A manifesto is intended to clearly and forcefully present a worldview — and to motivate people to action. The order is important: before you can motivate people to action, you have to find sources of meaning with the power to motivate. So a lot of the book is about finding meaning in your life: not just which foods you eat but how you eat them (traditional recipes), not just exercising more but rediscovering a reason to move (functional fitness).

And how our actions influence other people, other species, and the world.

  • The paleosphere will read the book first, but is not the primary audience

Don’t get me wrong, I think the vast majority of folks who eat paleo are gonna like it. (Hopefully love it.)

But I’m a big tent kind of guy, and I wanted to write a book that appealed to and included more people than those who use the words “paleo” or “primal” — and not just for the fuzzy feelings or moving a lot of copies (though that would nice).

I want to change the food system. I want to change government policy. I want to change the conventional wisdom. And I want to help the hundreds of millions of people suffering from chronic health conditions.

But you can’t do any of that if you don’t reach people.

So I was constantly trying to strike the right balance between introductory material (for the mainstream) and advanced material (for the paleosphere and academics); readability (for the mainstream) and geek out stuff (for health fanatics).

And yes, I wanted to entertain, provoke, and inspire. Because that’s how to motivate people, individually and collectively, to change and improve their lives and the world.

 I hope you like it (and think you will).

The Paleo Manifesto is now available wherever books are sold. Pick up a copy at Amazon. Or at Barnes & Noble. Or at iBookstore. Or at Indiebound.

Love from CrossFit for *The Paleo Manifesto*

Received a nice shout out from @CrossFit. They’re quoting from a section of The Paleo Manifesto explaining the rise and success of CrossFit.

I had the opportunity to visit CrossFit HQ a few weeks ago. I was a guest on their new web show, Offline, along with Tony Blauer, Web Smith, and host Russell Berger.

Got a chance to hit the box at HQ.


Also, here’s what Joshua Newman, founder of CrossFit NYC, had to say:

The Paleo Manifesto is now the definitive guide to going paleo. Smart, compelling, entertaining and accessible, it’s the book I’ll be recommending to our members at CrossFit NYC, and to anyone interested in looking, feeling and performing their best!”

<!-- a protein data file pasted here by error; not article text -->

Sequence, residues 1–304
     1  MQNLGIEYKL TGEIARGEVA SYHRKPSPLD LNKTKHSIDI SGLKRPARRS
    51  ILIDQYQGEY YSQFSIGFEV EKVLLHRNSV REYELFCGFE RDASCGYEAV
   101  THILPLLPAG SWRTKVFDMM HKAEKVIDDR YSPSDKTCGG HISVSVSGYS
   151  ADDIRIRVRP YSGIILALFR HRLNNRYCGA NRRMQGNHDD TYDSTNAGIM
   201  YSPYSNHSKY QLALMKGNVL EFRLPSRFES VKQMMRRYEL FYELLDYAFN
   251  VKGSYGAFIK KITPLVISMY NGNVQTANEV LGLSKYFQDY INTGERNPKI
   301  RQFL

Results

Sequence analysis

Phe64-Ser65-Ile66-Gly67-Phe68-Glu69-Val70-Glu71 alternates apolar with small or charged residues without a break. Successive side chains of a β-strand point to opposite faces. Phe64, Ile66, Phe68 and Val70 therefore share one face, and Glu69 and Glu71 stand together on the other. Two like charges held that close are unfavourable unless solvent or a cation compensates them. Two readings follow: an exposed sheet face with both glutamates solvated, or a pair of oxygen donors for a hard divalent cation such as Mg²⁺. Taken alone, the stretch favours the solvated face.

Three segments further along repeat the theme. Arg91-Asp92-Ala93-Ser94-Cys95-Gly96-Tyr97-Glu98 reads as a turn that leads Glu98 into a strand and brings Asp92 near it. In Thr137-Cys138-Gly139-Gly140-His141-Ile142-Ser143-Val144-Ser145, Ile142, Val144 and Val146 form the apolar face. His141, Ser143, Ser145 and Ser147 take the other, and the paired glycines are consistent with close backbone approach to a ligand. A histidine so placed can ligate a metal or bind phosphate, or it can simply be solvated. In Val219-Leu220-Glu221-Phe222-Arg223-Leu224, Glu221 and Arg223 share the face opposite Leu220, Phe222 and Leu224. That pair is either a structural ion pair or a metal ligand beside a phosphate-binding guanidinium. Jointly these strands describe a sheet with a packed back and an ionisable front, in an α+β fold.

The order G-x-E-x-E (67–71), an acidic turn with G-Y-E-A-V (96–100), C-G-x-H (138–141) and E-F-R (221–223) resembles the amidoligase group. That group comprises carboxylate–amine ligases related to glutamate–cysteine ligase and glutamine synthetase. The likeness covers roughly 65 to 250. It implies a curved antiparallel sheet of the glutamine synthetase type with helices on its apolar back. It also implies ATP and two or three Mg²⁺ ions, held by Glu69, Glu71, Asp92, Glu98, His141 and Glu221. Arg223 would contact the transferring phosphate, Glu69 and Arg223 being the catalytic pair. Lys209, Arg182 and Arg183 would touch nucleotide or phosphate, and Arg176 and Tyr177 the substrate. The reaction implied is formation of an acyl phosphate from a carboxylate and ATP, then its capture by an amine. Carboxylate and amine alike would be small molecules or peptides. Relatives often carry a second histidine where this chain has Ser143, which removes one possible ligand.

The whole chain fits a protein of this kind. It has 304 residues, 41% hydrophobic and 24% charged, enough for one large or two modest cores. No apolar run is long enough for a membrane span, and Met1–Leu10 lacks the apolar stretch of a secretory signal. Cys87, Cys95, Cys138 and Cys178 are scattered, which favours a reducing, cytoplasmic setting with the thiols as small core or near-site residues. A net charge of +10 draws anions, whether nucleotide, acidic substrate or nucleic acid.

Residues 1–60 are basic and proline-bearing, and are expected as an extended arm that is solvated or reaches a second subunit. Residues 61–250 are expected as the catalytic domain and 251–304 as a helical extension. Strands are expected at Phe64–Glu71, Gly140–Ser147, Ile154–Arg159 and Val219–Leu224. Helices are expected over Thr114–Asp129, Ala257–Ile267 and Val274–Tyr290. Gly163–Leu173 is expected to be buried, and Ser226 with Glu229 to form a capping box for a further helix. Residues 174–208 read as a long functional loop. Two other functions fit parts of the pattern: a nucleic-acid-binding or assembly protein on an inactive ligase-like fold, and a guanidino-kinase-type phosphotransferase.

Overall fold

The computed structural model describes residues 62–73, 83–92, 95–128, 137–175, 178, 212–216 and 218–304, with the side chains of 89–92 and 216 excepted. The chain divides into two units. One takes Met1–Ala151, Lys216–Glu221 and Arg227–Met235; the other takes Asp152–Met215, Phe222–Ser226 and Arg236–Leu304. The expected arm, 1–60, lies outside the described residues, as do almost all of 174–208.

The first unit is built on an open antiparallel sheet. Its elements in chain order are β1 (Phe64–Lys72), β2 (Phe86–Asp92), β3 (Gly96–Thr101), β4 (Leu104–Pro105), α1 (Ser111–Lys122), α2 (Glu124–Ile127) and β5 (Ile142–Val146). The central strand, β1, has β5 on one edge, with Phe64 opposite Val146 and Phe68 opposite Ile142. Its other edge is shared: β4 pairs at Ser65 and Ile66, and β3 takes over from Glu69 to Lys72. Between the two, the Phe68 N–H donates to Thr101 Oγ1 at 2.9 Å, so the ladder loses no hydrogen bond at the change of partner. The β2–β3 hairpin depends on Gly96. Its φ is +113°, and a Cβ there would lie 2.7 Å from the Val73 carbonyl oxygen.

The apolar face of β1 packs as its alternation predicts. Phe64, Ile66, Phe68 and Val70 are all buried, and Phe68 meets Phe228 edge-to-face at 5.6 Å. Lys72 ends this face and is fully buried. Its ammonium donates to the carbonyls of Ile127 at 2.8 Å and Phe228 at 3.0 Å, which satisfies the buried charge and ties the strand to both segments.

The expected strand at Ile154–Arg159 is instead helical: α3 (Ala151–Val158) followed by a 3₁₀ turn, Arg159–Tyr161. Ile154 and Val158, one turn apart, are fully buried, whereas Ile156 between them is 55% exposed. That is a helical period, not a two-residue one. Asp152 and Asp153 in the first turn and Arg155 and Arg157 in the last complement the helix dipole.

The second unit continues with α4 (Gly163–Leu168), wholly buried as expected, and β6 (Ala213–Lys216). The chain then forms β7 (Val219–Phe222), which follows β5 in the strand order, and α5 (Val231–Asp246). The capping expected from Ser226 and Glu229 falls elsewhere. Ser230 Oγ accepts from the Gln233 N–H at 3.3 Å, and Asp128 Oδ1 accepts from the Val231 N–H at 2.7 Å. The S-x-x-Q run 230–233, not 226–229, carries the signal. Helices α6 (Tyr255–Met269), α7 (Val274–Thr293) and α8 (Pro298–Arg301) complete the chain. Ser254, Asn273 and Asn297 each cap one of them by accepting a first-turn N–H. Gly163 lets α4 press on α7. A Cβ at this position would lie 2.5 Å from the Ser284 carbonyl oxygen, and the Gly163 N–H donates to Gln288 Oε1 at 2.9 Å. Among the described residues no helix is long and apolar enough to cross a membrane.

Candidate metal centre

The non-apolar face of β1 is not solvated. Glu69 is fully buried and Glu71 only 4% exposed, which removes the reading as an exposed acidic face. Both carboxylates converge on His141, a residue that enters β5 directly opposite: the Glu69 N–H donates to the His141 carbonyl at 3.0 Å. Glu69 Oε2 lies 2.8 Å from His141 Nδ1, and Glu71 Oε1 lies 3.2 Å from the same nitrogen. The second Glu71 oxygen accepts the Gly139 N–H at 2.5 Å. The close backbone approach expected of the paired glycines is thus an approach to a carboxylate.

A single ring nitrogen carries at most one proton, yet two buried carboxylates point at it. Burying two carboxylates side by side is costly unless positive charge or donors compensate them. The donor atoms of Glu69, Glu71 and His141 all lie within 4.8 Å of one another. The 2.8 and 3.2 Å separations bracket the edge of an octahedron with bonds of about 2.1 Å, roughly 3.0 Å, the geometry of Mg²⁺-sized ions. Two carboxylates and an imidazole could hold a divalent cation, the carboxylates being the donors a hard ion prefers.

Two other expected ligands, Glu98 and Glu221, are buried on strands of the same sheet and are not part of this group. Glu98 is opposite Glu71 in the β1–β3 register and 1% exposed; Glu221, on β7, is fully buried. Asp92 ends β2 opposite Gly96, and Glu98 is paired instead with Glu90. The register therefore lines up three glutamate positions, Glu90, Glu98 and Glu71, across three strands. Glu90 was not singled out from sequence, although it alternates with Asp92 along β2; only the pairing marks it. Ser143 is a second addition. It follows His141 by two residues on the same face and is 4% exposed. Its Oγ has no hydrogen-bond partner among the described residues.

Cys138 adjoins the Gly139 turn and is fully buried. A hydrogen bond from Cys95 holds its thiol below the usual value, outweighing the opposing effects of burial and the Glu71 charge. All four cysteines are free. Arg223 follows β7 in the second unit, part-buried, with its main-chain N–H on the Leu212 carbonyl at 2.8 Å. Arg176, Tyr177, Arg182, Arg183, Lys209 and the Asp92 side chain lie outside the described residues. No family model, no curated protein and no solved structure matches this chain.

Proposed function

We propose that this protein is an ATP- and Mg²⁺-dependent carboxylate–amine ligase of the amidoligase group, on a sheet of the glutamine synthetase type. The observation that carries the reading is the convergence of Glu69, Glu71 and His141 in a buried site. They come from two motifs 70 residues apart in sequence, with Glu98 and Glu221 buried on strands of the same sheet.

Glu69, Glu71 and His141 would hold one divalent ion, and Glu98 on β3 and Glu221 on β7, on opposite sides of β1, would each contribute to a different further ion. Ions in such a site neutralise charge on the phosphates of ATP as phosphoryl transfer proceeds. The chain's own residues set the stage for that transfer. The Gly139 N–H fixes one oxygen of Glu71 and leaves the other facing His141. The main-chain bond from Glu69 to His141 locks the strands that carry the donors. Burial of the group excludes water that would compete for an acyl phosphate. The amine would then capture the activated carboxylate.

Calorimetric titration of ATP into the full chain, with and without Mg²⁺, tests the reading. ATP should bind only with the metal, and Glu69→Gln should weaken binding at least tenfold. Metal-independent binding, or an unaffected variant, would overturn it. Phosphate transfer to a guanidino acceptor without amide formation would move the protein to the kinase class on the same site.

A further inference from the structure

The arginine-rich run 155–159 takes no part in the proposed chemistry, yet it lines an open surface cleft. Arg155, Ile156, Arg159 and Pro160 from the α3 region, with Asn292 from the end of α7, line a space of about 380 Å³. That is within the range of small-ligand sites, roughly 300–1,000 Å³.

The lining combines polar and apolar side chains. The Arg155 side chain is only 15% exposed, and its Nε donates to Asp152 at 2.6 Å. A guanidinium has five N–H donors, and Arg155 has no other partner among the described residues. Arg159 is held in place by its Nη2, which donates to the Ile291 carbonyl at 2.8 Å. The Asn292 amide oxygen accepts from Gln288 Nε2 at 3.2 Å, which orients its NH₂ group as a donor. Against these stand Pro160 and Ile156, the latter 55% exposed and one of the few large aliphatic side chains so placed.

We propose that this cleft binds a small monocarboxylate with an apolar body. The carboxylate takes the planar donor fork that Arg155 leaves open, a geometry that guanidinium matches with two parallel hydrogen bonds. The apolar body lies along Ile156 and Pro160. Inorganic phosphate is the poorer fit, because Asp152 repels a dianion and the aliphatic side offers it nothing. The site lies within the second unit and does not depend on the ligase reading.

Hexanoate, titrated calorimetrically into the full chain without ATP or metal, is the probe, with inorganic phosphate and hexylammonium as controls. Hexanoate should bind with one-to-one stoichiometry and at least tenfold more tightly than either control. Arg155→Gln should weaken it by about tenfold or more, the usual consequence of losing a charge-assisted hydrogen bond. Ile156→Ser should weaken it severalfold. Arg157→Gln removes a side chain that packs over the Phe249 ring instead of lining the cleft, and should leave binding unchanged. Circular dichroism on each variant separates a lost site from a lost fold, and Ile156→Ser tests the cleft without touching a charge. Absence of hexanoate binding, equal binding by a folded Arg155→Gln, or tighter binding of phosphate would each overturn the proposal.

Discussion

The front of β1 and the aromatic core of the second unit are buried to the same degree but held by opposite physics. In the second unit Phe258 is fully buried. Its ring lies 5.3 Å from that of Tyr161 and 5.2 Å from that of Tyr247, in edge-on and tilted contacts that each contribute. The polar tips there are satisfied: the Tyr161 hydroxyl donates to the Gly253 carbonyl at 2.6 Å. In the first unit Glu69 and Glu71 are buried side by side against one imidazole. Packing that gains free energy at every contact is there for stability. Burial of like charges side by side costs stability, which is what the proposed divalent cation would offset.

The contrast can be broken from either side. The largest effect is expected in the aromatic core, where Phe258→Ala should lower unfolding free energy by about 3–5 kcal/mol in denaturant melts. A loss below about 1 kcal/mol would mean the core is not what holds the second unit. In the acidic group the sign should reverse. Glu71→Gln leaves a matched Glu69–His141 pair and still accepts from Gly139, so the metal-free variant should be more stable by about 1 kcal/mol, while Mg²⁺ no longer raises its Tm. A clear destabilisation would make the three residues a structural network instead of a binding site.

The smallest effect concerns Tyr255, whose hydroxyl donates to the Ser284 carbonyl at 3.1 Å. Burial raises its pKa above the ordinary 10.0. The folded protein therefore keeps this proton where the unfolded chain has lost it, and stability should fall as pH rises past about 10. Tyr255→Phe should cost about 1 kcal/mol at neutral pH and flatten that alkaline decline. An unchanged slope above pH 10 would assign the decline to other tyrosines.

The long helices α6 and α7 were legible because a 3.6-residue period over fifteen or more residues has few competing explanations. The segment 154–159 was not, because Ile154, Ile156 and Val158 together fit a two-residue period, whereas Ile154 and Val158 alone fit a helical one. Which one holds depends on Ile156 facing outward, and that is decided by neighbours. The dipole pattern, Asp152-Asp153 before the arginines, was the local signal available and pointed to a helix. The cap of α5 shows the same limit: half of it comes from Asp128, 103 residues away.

Pick up your copy of The Paleo Manifesto at Amazon. Or at B&N. Or at iBookstore. Or at Indiebound.

Exclusive excerpt at Mark’s Daily Apple

You can read it here.

It describes a private tour of Harvard’s fossil archive with Dr. Daniel Lieberman, chair of Human Evolutionary Biology.

And an 80,000 year old hunter-gatherer skull.

Book release party at Hu Kitchen (Sat., 9/21 @ 7pm)

I’d be honored if you joined me on Saturday, September 21st to celebrate the release of The Paleo Manifesto.

Hu Kitchen is throwing a private party, open bar, paleo hors d’eouvres, and music. I’ll give a book reading and sign copies too. (Copies will be available for purchase.)

Don’t miss it. Invite and details below.


Saturday, September 21st

Hosted by Hu Kitchen
78 5th Ave. (between 13th and 14th St.)

20$ for open bar and paleo hors d’oeuvres
book talk and signing at 8pm

Limited space. Tickets at

One paragraph overview of The Paleo Manifesto

ThePaleoManifesto (summary)

 Order your copy here:


Interviewed with Nassim Taleb on Bloomberg

I appeared with Nassim Taleb on Bloomberg to discuss The Paleo Manifesto. We focused on how you can benefit from inserting more variation into your life, such as fasting, temperature variability, and types and intensity of movement.

Our segment starts at 59:00 (4 min.).



The Paleo Manifesto is now available for pre-order

Well, folks, the book is finally done. Really happy with how it turned out — proud of it. I think you’re gonna like it.

The Paleo Manifesto is now available for pre-order. Order your copy today.


A lot more is in the works: updated website, book excerpts, events, and promo efforts. Stay tuned.

Ancestral health survey

Professor Hamilton Stapell is conducting a survey of the ancestral health movement. I filled it out — short (2-3 min.) and anonymous. Let’s help him get good data by participating.

The perfect gift: Perfect Health Diet

Bears don’t interrupt their hibernation unless there’s an important reason, and neither do I. I’m crawling out of my den to make one recommendation.

Buy Perfect Health Diet by Paul and Shou-Ching Jaminet.

Here’s my review: This is the single best book on diet I’ve ever read.

Paul Jaminet is one of the most original, insightful voices in health today, and let’s support him when it counts.

Here’s how:

Follow Paul on twitter and find terrific free material at

Okay, time to hibernate again — dreaming about wild salmon, berries, and drizzling honey on sexy lady bears.